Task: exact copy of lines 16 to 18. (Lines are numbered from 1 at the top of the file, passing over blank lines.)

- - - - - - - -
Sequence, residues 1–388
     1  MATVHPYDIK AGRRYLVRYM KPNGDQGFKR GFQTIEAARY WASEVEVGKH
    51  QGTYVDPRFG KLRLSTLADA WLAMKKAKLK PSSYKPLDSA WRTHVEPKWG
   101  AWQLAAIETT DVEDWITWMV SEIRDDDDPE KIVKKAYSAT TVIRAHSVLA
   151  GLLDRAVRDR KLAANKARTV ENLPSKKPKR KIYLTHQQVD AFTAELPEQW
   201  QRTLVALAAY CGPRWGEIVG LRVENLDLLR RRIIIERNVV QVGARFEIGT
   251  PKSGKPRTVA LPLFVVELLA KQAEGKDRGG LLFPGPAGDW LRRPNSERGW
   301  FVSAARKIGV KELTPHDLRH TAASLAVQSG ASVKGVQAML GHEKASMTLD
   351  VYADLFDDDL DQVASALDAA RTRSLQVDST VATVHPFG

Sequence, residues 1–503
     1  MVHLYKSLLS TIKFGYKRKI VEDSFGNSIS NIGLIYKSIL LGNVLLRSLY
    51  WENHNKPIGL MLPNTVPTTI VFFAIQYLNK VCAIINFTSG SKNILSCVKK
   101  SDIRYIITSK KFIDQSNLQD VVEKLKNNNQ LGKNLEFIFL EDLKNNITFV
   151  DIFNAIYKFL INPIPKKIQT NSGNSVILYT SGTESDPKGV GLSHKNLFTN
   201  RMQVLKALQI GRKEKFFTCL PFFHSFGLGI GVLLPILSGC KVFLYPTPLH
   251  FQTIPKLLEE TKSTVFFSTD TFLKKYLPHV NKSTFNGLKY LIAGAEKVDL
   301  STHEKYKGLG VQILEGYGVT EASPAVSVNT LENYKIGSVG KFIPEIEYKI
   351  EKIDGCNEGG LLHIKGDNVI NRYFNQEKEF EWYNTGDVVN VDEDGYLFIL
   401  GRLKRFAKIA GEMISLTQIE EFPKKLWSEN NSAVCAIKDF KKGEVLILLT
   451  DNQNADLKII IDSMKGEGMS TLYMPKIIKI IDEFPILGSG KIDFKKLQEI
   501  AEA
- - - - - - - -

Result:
   251  FQTIPKLLEE TKSTVFFSTD TFLKKYLPHV NKSTFNGLKY LIAGAEKVDL
   301  STHEKYKGLG VQILEGYGVT EASPAVSVNT LENYKIGSVG KFIPEIEYKI
   351  EKIDGCNEGG LLHIKGDNVI NRYFNQEKEF EWYNTGDVVN VDEDGYLFIL